Are you making a meal out of management?

Five steps to increase retention in professional services

Retaining good people in a partnership is a growing issue. Partners who have given life and soul to the firm look on in dismay as talent walks out of the door believing that the grass is greener in another office. But turnover figures are rising and as the next generation – Generation Z – come out of their training contracts it will only get worse. This is a generation who expect attention, expect to be trained, to learn, to do work which is meaningful and makes their life better. Life is a balance and if work is making the balance bleak, they will walk away.

The commercial downside is that every exits costs the firm dearly. It is not just the lost investment, it is the cost of replacement, the cost of getting a replacement up to date and ultimately, if it happens too often the cost of your reputation. Agencies are full of tales of the ‘untouchables’ – those firms who good candidates turn down before they have even looked at the role specification.

But before we look for a remedy, it is worth looking at the cause. Why do partnerships fail to engage their people into long-term commitment?

Perception of time

Many of us go pale when the ‘management experts’ tell us that 30% of a manager’s time should be spent managing people. For lawyers and other professionals who continue to live by the billable hour, that translates into well over a day of unbilled time. Consequently, management time is continually pushed aside, left until the end of the day, postponed until there is a good time to talk. The result? It does not happen and issues build up. Suddenly partners find they are facing a performance issue which really will take hours, even days, of their time. The consequence? Management gets a reputation for being time-onerous. Talk to any HR professional and they will tell you that quick, timely, early interventions would have saved both time and tension.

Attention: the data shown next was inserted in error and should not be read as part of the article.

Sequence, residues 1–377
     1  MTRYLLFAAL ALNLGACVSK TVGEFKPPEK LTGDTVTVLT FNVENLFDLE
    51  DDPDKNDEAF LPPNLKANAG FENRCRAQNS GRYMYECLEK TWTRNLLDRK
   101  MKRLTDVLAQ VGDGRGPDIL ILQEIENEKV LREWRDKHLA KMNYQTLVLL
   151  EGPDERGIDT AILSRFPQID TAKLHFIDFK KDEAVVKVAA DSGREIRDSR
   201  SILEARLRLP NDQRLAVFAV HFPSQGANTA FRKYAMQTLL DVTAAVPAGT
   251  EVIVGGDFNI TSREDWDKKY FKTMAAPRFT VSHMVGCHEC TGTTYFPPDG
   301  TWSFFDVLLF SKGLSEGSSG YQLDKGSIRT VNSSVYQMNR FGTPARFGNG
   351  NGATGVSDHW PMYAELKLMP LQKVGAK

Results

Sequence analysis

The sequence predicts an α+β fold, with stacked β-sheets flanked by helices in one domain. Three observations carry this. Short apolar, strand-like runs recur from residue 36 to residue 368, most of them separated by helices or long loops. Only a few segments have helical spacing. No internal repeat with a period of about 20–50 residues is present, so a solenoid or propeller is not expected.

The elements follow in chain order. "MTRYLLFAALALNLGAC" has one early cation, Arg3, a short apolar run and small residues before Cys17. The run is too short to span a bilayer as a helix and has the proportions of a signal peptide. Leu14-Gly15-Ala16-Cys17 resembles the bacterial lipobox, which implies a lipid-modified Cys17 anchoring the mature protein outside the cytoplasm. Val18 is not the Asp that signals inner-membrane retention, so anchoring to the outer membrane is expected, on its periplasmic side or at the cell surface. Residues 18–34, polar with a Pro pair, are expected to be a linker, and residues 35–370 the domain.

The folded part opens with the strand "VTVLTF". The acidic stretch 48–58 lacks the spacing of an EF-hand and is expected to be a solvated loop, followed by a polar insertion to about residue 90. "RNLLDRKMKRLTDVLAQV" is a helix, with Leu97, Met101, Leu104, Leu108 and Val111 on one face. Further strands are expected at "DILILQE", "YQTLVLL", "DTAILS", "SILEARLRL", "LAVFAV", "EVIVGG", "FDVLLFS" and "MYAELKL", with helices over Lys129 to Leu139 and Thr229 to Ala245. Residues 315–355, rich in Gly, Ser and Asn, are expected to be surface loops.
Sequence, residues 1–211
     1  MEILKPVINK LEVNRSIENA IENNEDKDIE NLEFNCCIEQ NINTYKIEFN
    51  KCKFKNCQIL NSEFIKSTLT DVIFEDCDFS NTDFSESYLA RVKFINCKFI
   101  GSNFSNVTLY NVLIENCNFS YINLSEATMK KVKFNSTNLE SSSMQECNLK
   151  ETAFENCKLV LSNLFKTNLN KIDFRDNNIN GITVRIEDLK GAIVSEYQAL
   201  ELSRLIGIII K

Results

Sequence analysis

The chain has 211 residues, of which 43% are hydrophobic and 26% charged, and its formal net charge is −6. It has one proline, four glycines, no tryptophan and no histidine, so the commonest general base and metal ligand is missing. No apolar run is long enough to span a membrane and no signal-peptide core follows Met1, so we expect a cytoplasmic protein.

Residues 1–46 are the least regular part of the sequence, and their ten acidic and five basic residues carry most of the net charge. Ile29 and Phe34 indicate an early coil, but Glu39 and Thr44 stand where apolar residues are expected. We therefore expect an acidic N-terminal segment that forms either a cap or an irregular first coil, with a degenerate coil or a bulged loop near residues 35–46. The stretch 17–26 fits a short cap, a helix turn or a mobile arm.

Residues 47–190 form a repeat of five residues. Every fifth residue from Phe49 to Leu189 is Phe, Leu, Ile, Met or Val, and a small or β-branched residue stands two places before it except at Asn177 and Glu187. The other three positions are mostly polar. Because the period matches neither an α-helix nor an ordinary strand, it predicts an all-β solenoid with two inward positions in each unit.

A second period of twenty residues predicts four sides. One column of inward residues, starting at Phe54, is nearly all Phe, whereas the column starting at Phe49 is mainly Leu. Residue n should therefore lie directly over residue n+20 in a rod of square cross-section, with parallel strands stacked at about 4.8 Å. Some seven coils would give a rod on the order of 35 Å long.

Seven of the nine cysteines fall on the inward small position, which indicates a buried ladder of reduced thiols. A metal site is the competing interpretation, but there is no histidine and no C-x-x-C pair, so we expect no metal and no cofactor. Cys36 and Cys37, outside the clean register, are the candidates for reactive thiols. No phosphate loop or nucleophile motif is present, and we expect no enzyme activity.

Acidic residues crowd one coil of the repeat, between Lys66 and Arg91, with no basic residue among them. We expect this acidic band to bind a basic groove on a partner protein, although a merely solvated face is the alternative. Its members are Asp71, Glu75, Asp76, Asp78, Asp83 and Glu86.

In a large corporate, training is the norm. In a partnership it is the irritating interruption to doing the work. As a trainer, I am frequently asked if the course can be delivered in half the time. Attendance is woeful and juniors are inevitably pulled back to the office. Senior lawyers arrive with a meeting in their diary before the end of the workshop. E-learning is seen as the great revolution - because lawyers can sit in front of their screens with a module running and continue to mark-up documents.  The result? There is very little skill development. Instead, lawyers learn from lawyers and accountants from accountants. If you have an inspirational partner who has, by whatever means – learning or just DNA – acted as an exemplary role-model then all is well. If you have learned from a poor partner who never attended a single hour of management training, then you are likely to follow a bad example.